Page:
Multi-tasking consumers

When Deloitte first ran the State of the Media Democracy report in the UK, two years ago, we were surprised by the extent to which the computer was threatening the TV as the dominant entertainment device. In January 2009 we found over 60% of respondents considered their computer a more important entertainment device than their TV, while almost two-thirds were consuming some other form of media while watching TV. That, however, still left 36% who said they preferred to just watch TV and tended not to consume other media while they did so.

In the latest State of the Media Democracy, report only 23% of respondents said that when they watched TV they were doing nothing else. Forty seven per cent were surfing the web while watching TV; 35% were on the phone; 33% got through some emails; 27% read print newspapers; and 25% were doing their online shopping.

The consumption of newspapers and, to a lesser extent, magazines is changing in a number of ways. Many readers still like print, and respondents to our survey said that print ads have more impact. But younger readers are not as committed to print as older ones, and this shows up most clearly in the frequency with which they read printed copy. Instead they read their daily news online and tend to read a newspaper on a weekly basis. Younger readers are also likely to consume magazine content more frequently online than they do in print. But across the board, publishers, advertisers and agencies face the challenge of readers dividing their attention between media, making it more difficult for editors and advertisers to win the full attention of the reader they wish to reach.

Implications for advertisers and agencies

Integrated campaigns have long been heralded as the solution to the problem of multi-tasking consumers. That may well be the case but the target is a moving one – video, viral, social, search, smartphones, tablets and online TV have all contributed to an increasingly complex media landscape. The relationship between them and traditional media platforms is continually evolving.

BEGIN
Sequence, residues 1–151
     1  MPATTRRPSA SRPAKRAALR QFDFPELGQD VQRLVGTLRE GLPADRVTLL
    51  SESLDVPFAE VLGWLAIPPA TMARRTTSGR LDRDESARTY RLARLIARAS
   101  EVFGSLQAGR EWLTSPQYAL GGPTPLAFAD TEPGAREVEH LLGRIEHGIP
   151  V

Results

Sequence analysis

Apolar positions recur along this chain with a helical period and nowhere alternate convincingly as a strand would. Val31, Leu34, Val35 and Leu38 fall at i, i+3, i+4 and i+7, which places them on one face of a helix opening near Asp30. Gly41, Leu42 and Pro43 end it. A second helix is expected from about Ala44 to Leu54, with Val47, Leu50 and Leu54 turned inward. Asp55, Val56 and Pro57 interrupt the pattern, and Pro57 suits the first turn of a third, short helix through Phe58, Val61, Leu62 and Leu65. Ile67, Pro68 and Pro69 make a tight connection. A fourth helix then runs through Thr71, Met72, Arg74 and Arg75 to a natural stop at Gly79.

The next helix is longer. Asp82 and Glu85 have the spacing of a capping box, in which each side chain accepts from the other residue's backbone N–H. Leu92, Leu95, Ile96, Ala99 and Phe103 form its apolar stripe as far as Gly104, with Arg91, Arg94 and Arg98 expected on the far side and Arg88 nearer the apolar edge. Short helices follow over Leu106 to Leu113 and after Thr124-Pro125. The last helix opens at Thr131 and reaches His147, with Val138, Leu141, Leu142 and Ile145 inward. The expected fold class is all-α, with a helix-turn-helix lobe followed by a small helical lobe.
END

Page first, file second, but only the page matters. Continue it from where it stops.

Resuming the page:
The difference between a truly integrated campaign and one using multiple platforms can quickly be lost amid the need to meet deadlines and targets. Integrated campaigns should make the most of the particular qualities of the platforms they use, allowing different media formats to play a role that both draws on their strengths and creates interaction between platforms. This is easy to say and hard to do. It requires expertise, contacts and co-ordination across many forms of advertising, and rigorous delivery on platforms that are often still developing.

The result is that integrated campaigns can be complex, sometimes expensive, and it is difficult to measure their impact, or rather, to understand the way the constituent parts have contributed to the success of the whole. 

Moreover, integrated campaigns by their nature begin to blur the traditional boundaries along which advertisers and agencies have worked. At the simplest level, when a campaign features social media, should that be managed by a digital agency or a PR team? Both have a claim that the nature of social media means that they should be at the forefront of the campaign. In this sense, the agency world is likely to change shape as increasingly sophisticated integrated campaigns unwind the focus on specialisation of recent years, or, at least, force specialists to work under the umbrella of integration. This is already going on. It seems likely to become more prominent as consumer multi-tasking requires advertisers and agencies to be more sophisticated in campaign planning and execution.

Implications for publishers

In our report, we found that 11% of respondents had a newspaper subscription (for their household), and 29% had magazine subscriptions. This is almost exactly the same as two years ago when the figures were 12% and 29% respectively. Publishers have a solid base of readers and the data on younger readers suggests that forecasts of a demographic time bomb have been overdone.

Nevertheless, younger readers are getting more of their news online, and consumers of all age groups are multi-tasking more and more. Publishers have to think yet more about the role they play in integrated campaigns and what they can deliver – both novel and traditional – to support such campaigns. They must also think about how their online properties can deliver greater impact. This is not a problem for publishers alone - online advertising in general has to find ways to engage consumers more effectively – but is a problem for which publishers should not cease to seek a solution.

About Andrew Haughton
(Details last updated: 20 January 2011)

Andrew Haughton is a senior manager in Deloitte's Strategy Practice. He specialises in media and digital media strategy, and has worked with a number of leading advertisers, agencies and publishers.